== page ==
I tried to get some supplemental ropes out of my pack, but every time I moved, I went deeper into the crevasse. My partner, on the other end of the rope, yelled, "Don't move!" I found out later that his belay had popped out and he had been pulled to within six feet of the edge of the crevasse. I don’t want to die here. As I looked around, I thought the ice to be at least 200 years old. I have so many more mountains to climb. More old, dirty ice. How many unsuspecting animals were frozen in here? What changes had occurred in the world since this ice had formed? God, I will do anything you want – just don’t let me die in here.
I hung around for about 45 minutes, with not much to do, realizing that it was getting colder and colder by the second. A wave of acute appreciation flooded over me. I love life. I want to continue exploring what life has to offer. I remember whispering to myself, I want to live, as if one part of me were informing another part of me. I continued trying to put on more clothes, knowing that each time I moved, I went deeper and deeper into the crevasse. Finally voices. More voices. Different voices. My rescuers had arrived.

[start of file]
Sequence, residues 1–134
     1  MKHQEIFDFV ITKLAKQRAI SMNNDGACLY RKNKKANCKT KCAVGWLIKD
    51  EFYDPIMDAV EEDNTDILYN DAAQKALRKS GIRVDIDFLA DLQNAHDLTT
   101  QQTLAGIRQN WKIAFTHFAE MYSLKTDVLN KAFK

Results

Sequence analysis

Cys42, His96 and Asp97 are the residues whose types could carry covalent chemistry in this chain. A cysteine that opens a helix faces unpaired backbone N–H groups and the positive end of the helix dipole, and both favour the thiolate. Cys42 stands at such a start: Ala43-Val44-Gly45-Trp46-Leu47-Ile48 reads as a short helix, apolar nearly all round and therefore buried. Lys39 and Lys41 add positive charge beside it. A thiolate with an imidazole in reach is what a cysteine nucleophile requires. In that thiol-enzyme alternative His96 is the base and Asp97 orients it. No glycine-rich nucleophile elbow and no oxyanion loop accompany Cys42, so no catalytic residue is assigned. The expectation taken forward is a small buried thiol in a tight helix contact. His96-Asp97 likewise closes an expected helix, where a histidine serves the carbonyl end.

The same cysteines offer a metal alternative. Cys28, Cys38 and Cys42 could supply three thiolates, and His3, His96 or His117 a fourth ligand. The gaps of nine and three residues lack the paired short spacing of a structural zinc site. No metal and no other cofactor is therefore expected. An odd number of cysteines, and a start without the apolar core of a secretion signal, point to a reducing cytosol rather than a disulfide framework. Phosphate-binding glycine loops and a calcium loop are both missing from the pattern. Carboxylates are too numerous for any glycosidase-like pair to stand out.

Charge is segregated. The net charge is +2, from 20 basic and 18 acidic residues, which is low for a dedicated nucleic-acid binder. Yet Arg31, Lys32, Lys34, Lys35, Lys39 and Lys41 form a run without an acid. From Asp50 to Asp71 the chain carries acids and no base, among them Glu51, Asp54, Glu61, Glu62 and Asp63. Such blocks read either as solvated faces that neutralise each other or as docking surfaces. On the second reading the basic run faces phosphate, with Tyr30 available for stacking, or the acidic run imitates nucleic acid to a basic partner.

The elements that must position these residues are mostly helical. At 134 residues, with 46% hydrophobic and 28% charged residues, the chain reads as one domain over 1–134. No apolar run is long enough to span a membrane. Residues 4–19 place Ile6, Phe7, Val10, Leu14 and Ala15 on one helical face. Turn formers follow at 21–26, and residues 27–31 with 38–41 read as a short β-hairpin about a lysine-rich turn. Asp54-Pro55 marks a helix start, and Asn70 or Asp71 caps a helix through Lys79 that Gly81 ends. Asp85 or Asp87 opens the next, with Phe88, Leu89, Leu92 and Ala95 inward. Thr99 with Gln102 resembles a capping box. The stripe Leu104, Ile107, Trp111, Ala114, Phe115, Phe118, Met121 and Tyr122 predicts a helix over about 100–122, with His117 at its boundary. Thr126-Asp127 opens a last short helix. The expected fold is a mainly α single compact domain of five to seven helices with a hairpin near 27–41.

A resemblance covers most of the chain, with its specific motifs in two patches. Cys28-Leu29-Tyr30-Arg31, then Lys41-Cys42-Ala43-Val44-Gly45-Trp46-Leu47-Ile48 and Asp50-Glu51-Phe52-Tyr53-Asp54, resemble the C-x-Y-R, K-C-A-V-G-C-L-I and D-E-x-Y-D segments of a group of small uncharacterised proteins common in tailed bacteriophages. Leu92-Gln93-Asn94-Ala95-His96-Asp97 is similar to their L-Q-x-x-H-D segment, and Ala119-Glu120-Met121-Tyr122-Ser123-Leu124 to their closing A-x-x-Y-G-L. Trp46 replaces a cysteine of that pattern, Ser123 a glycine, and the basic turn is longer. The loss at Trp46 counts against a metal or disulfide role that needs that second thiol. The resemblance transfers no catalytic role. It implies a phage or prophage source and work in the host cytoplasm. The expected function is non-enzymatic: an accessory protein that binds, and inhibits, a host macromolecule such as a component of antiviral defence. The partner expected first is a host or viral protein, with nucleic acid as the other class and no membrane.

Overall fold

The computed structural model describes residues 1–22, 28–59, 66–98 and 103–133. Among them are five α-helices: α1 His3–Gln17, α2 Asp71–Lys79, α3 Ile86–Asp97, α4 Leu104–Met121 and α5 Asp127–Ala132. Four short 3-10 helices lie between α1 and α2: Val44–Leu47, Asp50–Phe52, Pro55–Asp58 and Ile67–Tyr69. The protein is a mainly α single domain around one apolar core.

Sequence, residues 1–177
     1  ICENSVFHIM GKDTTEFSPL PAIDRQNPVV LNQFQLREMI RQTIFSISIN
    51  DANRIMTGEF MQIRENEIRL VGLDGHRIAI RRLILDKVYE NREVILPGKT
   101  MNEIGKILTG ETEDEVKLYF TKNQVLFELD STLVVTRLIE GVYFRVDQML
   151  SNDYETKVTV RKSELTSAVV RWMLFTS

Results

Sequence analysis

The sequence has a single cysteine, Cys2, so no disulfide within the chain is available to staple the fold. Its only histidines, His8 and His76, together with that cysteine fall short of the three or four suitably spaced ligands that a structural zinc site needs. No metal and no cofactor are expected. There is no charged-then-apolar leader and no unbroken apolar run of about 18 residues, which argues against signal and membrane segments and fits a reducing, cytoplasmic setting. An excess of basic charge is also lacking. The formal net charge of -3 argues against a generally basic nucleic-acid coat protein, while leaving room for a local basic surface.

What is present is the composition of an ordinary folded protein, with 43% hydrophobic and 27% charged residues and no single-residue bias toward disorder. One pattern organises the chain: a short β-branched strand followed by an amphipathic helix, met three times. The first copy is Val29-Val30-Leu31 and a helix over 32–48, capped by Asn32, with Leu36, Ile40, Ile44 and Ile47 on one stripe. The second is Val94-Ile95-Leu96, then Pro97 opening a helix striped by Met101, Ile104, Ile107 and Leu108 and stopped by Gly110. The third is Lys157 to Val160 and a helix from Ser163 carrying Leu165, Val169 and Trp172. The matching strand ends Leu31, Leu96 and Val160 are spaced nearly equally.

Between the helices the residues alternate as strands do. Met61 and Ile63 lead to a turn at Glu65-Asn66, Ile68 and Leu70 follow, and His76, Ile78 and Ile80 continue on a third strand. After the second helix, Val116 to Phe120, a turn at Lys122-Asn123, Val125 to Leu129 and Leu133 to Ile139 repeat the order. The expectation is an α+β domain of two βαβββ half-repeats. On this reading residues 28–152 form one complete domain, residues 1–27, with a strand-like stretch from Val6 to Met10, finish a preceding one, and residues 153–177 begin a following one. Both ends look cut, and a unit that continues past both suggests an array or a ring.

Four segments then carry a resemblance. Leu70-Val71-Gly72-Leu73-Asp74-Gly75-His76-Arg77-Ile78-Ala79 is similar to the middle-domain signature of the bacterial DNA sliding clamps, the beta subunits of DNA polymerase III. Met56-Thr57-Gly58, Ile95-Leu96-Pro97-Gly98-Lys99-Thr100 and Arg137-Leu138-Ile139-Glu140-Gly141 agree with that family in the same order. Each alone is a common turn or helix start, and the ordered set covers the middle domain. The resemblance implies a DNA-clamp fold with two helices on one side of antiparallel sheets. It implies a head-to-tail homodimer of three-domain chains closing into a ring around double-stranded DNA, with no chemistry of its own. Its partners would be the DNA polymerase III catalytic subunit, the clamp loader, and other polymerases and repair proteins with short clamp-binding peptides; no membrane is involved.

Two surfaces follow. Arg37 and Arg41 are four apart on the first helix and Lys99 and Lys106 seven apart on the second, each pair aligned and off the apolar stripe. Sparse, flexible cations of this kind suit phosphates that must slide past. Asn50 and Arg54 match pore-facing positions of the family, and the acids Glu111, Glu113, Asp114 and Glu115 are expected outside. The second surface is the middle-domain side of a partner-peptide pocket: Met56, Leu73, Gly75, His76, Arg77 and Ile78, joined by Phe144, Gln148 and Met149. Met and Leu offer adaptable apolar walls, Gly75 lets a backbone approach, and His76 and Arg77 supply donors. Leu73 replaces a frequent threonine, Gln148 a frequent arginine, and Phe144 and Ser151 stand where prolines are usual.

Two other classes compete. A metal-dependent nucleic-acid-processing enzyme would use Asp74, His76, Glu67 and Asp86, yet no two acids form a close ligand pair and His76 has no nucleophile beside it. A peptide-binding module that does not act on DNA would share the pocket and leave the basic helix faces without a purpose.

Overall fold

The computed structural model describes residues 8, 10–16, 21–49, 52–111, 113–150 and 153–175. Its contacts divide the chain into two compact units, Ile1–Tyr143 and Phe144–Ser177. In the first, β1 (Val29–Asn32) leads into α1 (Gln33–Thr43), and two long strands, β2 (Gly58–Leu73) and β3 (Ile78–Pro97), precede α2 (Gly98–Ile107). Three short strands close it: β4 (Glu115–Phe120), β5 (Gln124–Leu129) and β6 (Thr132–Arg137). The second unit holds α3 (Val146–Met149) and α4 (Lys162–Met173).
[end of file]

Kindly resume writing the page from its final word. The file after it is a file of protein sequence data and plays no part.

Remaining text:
Time. The rescue took 15 minutes. No, 30 minutes. No hours. Days. Seconds. Time. It didn’t matter. What mattered was that I was actually going to get out of the crevasse… I hoped. My pack and ice ax were the first things hauled out of the crevasse on a second rope. I was slowly pulled up , then the knots of my rope were caught in a 3-foot chunk of overhanging ice. This took seemingly hours to release. Don’t panic. I can see people. These guys know what they are doing. The rope was released. An arm came down over the edge. “Grab hold”. And I was slowly pulled up over the edge of the crevasse. While my legs were still dangling, my chest was on solid (?) ice. “Get up and walk over to your pack”. I managed to crawl to where my pack was. At 11,000 feet of elevation, I breathlessly took days to crawl about twenty feet. Are my legs actually working? Even the numb one?